Along with alimony and division of property, your child’s pursuit for higher education should be thoroughly discussed.
Many of my clients are worried about who will pay for college expenses when their child moves off to college. In general, a court cannot order one party to pay for a child’s college expenses because that child will be an adult when they attend college. But, parents are free to enter into an agreement that determines how college expenses will be paid by each parent. That agreement is considered a binding contract and will be enforceable by a court if a parent fails to honor that family law contract.
A recent family law court in Palm Beach County dealt with this issue. In Goff v. Kenney-Goff the Fourth District Court of Appeal made a ruling regarding the parents agreement to pay for college expenses. The parties agreement stated that the Husband would continue to pay child support through attainment of the minor child’s twenty-first birthday if the child were enrolled in college and still living at home with the Wife.
The minor child in the Goff case was enrolled at the University of Florida in Gainesville and lived in student housing that he had to vacate during school breaks. During the summer, he lived with the Mother and took class at community college while he was at home. The family law trial court found that the parties’ youngest child is attending college and resides with the Former Wife on a permeant basis, including the times that he is attending classes at the University of Florida. The appellate court did not agree.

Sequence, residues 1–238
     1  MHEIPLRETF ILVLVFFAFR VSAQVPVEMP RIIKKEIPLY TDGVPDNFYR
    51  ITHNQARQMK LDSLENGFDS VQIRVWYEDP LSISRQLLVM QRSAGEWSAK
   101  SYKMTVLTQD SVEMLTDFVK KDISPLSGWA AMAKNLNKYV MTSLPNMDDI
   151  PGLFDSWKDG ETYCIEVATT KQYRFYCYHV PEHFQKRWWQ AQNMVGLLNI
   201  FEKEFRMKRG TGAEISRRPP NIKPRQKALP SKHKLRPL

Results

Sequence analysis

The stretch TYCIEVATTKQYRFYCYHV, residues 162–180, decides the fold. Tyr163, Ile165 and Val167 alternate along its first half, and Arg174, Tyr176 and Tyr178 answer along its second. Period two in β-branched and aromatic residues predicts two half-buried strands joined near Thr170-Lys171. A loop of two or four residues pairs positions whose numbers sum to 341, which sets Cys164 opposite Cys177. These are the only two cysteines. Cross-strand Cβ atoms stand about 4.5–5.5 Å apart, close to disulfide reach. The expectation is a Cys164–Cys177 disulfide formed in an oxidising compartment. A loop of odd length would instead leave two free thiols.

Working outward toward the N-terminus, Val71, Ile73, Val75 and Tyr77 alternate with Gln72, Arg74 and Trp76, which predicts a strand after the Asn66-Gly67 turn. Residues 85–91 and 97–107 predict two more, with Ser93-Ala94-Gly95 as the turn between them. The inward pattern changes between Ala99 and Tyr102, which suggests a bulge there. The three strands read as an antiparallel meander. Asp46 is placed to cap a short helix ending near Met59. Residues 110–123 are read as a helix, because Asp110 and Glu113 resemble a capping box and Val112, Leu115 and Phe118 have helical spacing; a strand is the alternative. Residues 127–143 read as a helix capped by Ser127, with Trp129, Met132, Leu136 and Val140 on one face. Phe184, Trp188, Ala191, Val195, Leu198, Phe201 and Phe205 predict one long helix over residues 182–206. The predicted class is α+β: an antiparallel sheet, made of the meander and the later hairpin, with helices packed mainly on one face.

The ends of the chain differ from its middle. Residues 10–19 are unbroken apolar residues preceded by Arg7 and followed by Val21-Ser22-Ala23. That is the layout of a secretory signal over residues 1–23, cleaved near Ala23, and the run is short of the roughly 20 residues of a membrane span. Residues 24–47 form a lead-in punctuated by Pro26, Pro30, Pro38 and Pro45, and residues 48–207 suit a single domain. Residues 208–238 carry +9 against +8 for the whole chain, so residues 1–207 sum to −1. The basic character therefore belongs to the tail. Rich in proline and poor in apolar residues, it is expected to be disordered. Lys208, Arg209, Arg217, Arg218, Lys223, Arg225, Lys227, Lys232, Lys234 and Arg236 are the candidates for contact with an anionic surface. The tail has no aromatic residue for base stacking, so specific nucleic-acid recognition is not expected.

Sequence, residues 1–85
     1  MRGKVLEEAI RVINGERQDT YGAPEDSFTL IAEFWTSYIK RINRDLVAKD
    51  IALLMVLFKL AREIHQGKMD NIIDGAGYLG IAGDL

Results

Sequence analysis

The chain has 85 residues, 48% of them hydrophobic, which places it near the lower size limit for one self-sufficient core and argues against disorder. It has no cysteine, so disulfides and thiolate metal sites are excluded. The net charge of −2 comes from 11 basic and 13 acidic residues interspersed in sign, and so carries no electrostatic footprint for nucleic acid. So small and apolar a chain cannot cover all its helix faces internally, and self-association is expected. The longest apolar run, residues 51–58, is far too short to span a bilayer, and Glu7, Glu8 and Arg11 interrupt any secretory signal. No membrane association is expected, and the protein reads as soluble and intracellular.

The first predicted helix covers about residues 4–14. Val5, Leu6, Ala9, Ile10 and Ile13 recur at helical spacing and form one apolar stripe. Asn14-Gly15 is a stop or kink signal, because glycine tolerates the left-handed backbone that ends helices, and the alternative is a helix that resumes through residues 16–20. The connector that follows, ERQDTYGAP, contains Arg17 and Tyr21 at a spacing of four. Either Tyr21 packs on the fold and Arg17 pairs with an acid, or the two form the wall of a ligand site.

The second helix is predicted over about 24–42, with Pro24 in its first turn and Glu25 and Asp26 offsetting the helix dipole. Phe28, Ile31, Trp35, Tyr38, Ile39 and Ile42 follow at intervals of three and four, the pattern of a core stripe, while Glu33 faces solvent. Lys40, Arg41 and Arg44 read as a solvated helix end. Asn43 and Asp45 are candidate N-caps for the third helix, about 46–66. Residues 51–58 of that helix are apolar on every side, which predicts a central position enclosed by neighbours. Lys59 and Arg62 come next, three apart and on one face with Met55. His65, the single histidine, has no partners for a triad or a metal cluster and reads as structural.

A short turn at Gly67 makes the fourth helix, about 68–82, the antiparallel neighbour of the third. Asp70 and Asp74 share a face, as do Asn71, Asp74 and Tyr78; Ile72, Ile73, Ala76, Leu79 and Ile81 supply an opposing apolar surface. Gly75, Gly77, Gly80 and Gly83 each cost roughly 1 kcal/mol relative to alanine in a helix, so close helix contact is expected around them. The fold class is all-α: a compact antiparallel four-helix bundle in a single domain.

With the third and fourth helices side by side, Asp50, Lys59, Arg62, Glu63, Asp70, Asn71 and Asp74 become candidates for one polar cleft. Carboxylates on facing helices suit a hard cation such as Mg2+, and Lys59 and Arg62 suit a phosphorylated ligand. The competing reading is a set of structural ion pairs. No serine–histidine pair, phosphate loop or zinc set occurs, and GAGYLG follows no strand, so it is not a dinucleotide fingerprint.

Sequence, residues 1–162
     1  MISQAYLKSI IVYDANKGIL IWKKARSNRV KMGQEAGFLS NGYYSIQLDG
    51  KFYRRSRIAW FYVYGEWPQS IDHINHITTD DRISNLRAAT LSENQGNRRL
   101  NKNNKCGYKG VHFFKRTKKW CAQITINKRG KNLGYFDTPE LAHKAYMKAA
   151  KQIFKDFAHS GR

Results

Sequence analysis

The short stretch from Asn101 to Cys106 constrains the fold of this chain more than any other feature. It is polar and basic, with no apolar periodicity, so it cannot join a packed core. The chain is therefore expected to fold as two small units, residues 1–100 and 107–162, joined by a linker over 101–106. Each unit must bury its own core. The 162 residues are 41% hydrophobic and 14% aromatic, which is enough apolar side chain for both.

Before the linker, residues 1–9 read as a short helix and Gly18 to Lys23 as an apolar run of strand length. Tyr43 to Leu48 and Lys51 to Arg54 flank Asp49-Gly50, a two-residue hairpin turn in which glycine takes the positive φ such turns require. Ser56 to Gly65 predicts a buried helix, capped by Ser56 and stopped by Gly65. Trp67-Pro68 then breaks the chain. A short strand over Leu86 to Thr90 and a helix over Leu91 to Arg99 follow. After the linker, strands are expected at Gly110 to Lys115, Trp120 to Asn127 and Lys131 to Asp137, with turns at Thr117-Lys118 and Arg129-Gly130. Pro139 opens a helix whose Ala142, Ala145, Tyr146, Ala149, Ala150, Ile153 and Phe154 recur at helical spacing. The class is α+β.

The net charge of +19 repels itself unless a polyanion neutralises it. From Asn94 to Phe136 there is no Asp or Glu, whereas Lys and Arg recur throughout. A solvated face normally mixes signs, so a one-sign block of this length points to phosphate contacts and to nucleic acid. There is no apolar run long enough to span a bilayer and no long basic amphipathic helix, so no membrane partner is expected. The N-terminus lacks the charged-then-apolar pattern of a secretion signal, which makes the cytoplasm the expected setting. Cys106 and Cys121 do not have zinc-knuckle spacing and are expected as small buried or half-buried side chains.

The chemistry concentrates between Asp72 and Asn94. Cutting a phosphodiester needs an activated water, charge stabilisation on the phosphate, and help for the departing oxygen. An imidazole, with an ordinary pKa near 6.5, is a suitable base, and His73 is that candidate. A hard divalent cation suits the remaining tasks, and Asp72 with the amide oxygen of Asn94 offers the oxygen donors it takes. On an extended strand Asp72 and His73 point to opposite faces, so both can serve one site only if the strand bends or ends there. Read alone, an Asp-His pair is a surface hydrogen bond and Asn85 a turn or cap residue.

The appellate court found that the family law trial court’s order requiring the Husband to continue paying support is contrary to the plain language of the marital settlement agreement. The appellate court reasoned that the child lived at the University of Florida in Gainesville and returned home only during breaks. Thus, the child was not “still living at home with the Wife” as required by the marital settlement agreement. Requiring the Husband to pay child support under these facts would render the marital settlement agreement meaningless. The appellate court stated that, had the parties intended this to be the case, they should have specified such an arrangement in the agreement.
If you believe that you and your spouse are able to come to an agreement regarding who pays for college expenses or require legal assistance in other areas of Family Law you may always contact Damien McKinney of The McKinney Law Group to discuss your case further. He can be reached by phone at 813-428-3400 or by e-mail email@example.com.